There are two small rubber pads under the front of the keyboard, but both the case itself and the extendible feet at the rear of the board lack any sort of friction enhancers. This is odd, considering there are two huge indentations on the bottom of the board made specifically to accept Cherry's rubber pads (see bright orange triangle in the image linked below). While the front ones should suffice on most surfaces, I'm not sure how well they'll grip during a fast-paced game.
The Cherry keycaps are all of a single top angle, which slants away from the user rather than towards them as the steelseries caps do. Another big difference is their height, they are only half as tall as the latter, giving them an almost laptop-like feel. They are also laser-etched, which means they will be legible pretty much indefinitely.
The layout of the MX Boards is not one I am fond of, unfortunately. Although it is not a ten-key-less design (i.e. it has a numerical pad), it is not a full-sized layout. Compare the pictures with the G80-3000 model NCIX carries and you will see what I mean: the spacing between the key groups (function keys, alphanumerical section, directional arrows, etc.) has been decreased to almost nothing. While this hasn't made me any more likely to activate neighbouring keys unintentionally, it has resulted in pressing entirely incorrect keys as it's harder to know where your fingers are.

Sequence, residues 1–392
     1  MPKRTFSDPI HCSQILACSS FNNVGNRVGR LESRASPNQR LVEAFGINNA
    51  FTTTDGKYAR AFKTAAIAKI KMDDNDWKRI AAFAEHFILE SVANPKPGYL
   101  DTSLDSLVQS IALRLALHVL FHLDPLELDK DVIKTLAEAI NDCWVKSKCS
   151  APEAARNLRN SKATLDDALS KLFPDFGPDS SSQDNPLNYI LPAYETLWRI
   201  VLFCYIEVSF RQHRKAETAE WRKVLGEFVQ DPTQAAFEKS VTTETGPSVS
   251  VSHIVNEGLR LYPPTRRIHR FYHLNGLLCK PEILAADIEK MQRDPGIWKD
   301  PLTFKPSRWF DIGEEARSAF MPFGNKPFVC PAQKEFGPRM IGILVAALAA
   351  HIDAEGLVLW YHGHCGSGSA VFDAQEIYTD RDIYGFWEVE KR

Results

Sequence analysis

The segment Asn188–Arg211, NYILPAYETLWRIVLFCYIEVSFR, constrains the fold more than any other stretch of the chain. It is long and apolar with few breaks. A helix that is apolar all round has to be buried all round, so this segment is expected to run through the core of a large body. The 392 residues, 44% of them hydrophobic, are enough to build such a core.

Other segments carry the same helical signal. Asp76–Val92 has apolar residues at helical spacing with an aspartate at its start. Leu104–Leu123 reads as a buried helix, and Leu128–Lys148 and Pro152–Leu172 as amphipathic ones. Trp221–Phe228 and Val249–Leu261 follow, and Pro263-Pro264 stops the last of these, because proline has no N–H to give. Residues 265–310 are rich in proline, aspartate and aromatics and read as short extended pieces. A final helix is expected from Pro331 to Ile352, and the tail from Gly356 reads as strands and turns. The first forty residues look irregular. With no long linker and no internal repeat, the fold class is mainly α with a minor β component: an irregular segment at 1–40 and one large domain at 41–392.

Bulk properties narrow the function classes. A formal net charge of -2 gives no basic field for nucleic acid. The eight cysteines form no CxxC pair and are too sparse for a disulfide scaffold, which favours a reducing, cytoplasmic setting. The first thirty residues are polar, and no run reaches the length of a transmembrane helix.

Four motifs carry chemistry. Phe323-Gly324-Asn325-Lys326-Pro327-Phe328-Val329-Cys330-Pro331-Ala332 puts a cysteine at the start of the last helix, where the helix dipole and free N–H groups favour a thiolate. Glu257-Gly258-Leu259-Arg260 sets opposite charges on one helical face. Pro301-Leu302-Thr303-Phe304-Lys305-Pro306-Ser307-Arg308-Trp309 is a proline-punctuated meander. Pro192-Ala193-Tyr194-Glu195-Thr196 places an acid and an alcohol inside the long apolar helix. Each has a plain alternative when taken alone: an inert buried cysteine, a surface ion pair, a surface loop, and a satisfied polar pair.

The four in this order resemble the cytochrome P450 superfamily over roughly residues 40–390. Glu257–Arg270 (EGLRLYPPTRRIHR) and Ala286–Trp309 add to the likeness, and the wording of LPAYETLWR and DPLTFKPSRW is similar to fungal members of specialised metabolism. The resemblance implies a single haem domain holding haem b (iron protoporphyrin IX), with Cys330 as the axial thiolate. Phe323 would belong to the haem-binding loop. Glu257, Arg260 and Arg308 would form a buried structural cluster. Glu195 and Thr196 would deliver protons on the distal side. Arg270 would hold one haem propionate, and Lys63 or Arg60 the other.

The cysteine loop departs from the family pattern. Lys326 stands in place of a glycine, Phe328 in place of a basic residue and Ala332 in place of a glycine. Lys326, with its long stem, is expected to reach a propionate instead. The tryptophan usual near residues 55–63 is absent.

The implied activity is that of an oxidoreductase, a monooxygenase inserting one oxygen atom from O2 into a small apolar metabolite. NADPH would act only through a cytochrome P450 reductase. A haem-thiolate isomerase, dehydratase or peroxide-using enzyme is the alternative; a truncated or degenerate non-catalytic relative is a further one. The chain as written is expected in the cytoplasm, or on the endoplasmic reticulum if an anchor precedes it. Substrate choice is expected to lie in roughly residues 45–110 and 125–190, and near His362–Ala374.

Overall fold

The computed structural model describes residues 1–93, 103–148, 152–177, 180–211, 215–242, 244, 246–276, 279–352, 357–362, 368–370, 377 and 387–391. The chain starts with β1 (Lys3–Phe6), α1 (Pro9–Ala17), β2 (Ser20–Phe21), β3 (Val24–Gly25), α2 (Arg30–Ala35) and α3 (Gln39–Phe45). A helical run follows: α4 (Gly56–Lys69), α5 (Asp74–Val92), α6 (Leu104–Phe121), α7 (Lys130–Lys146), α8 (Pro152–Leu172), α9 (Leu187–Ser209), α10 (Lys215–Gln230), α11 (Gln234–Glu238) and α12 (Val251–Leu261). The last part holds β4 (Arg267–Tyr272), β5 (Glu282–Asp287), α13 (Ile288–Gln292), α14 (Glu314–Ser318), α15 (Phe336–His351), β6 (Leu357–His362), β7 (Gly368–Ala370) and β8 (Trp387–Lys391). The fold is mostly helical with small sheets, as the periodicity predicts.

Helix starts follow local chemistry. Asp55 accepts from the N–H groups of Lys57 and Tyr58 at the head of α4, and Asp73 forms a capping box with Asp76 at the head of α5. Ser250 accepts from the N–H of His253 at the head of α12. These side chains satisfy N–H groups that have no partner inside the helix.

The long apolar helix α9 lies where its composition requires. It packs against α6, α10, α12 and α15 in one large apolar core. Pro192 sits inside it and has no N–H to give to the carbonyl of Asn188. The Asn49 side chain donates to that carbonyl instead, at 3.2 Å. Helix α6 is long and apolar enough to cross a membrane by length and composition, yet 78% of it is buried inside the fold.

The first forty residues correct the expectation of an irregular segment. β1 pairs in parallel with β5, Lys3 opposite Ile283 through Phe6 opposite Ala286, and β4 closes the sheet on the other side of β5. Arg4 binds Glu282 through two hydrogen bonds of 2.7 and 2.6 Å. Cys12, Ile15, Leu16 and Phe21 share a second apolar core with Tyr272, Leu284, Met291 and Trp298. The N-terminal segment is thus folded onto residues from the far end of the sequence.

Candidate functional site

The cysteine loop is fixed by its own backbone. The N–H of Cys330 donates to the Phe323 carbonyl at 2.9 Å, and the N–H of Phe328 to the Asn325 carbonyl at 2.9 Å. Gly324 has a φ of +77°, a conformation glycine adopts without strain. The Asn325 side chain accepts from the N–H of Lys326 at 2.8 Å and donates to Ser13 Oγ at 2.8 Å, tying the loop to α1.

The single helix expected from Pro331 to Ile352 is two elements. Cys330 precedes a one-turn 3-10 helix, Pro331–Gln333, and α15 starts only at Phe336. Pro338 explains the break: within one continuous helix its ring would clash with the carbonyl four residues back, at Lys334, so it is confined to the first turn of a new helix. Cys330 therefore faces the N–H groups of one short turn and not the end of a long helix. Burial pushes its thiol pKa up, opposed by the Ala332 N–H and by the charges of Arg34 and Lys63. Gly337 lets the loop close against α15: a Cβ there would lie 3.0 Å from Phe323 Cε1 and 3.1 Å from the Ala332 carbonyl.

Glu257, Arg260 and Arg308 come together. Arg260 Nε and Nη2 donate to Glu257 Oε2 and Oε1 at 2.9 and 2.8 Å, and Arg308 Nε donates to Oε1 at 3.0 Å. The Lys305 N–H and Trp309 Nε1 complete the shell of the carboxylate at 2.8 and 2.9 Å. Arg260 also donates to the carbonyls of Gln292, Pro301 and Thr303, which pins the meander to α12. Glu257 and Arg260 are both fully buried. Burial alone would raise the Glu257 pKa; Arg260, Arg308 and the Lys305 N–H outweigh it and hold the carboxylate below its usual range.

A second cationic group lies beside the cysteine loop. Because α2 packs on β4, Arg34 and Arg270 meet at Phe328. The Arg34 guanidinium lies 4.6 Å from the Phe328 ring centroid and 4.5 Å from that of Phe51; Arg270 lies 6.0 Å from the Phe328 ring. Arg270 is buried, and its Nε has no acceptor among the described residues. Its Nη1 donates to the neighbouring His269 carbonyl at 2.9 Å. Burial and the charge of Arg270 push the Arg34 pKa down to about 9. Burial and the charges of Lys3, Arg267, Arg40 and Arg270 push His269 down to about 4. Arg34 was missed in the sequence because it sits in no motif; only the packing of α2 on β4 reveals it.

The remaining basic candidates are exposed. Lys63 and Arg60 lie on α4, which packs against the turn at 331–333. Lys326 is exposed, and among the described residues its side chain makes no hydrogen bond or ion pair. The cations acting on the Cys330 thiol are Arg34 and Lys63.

Specific to the MX Brown keyswitches, they did not really match my expectations. I thought I would like them more than the Blue switches because the activation and reset points are almost identical, but this advantage is diminished by both the activation point's distance from the tactile bump, combined with the very light springs used. Pushing a single key feels great, but when actually typing, the springs' lack of resistance makes it much more difficult to feel when the key has actually been pressed. If I just bottom out every key like I would with a rubber-dome (or MX Black/Red) keyboard my accuracy does improve, but that negates the point of having a tactile bump in the first place...
The feet that aren't included (orange-red triangle far right): http://img03.taobaocdn.com/imgextra/i3/21982277/T22lfyXXxbXXXXXXXX_!!21982277.jpg
Steelseries 7G (MX Black) for comparison: http://www.ncix.com/products/?mode=productreviewread&product_id=27398&reviewid=125047
This review was modfied by poster @ 05-11-13 08:16 PM
Pros cheaper than most mechanical keyboards cheery mx brown switches
Cons flimsy chassis
Summary I like the keyboard overall but the construction of the chassis is lacking. For example grab both ends of the keyboard and one can easily deflect the chassis by gently twisting. Other than that it is a simply keyboard and that was what I was after.